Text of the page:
America, you need to take a nap. The CDC notes that 30 percent of U.S. adults get less than six hours of sleep a night, rather than the recommended seven to eight. Less than one-third of American high school students get eight hours of shut-eye a night, even though they should be getting nine to 10 hours regularly.

Based on new data on American sleep patterns from the CDC, health news wonks at STAT put together this handy chart of where Americans get the most shut-eye. Does your state measure up?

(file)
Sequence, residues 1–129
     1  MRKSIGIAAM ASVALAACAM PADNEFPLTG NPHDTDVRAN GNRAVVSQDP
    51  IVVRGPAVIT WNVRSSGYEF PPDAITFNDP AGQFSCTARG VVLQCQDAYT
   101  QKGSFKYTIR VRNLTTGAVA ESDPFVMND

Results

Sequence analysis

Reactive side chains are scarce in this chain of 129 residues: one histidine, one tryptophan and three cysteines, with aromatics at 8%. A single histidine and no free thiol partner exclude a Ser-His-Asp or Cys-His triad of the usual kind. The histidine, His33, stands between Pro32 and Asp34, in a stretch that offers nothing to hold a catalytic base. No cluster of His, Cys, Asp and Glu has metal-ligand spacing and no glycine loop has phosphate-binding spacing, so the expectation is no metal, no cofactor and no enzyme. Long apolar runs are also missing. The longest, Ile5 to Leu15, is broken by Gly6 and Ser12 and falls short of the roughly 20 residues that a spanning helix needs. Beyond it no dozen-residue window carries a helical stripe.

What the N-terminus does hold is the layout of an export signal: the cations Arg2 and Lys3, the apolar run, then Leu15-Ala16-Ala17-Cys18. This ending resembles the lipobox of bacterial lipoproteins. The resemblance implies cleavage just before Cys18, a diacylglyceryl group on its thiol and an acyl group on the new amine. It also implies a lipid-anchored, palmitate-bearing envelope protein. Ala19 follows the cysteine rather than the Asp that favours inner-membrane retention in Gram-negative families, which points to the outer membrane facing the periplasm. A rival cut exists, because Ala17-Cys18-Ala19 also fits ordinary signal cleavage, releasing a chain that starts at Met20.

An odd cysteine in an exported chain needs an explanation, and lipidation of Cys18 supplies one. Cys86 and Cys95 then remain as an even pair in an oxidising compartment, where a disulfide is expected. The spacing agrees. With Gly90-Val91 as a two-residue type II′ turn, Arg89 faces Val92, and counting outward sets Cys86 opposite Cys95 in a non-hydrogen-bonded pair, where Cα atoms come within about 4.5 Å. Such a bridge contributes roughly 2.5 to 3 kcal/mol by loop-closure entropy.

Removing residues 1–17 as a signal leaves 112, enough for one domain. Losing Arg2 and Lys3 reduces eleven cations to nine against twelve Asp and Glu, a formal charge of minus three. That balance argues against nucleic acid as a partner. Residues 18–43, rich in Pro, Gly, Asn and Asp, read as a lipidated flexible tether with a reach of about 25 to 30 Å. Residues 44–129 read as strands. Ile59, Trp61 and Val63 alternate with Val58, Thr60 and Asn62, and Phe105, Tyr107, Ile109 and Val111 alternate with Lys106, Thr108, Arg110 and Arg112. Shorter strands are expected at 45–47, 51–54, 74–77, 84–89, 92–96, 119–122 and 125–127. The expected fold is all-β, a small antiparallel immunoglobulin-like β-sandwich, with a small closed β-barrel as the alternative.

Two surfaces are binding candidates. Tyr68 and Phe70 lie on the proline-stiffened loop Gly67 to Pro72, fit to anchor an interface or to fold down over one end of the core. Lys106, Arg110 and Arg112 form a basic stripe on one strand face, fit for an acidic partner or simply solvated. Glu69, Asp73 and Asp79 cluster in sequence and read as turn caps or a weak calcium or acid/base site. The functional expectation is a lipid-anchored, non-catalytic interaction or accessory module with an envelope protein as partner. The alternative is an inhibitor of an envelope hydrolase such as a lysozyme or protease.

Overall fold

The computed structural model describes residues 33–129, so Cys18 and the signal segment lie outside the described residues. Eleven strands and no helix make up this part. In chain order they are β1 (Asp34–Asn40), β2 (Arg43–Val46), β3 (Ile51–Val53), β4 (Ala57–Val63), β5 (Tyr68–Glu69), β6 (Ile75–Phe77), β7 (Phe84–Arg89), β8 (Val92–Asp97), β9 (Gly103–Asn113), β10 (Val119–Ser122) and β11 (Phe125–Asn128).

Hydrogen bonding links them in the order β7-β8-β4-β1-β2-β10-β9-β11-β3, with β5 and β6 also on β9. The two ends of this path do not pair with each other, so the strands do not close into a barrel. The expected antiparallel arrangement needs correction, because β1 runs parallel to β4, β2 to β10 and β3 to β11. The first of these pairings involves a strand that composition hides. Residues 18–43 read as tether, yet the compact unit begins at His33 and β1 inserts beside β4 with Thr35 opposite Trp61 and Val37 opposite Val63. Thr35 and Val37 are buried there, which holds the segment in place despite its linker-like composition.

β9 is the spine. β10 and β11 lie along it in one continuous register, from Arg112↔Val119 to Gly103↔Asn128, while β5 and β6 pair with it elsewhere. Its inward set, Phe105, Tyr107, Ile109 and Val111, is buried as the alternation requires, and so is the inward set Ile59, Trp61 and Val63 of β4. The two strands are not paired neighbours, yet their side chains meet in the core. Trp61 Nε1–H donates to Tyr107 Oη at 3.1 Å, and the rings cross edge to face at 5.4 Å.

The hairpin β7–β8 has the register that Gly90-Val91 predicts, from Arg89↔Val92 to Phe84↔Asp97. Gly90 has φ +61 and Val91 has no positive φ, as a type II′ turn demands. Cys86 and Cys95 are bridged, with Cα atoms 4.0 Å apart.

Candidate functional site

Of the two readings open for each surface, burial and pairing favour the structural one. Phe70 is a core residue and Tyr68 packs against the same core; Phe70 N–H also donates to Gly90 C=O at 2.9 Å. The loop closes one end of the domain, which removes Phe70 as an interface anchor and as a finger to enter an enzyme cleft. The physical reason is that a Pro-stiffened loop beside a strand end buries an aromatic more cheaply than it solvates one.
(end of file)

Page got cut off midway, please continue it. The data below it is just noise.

Most of the Midwest is going to bed on time—South Dakota ranks first among the best sleepers—but the eastern side of the U.S. needs to take a nap. The vast majority of the states that get the least sleep are east of Illinois—with the notable exception of Vermont, where 69 percent of the population gets seven-plus hours of sleep a night. We assume that everyone there lives in a forest cabin and rises and sleeps with the sun. Or maybe all that maple syrup makes people sleepy.

You may be asking, "Where's Hawaii?" The island state is a bit hard to spot because it's very, very pale. Hawaii is the nation’s most sleep-deprived state, with only 56 percent of adults getting their recommended seven hours. 

The CDC's data is based on self-reported sleep times, so these statistics may not be exact. You can scroll through the full list of states and how much of their population is well-rested over on STAT.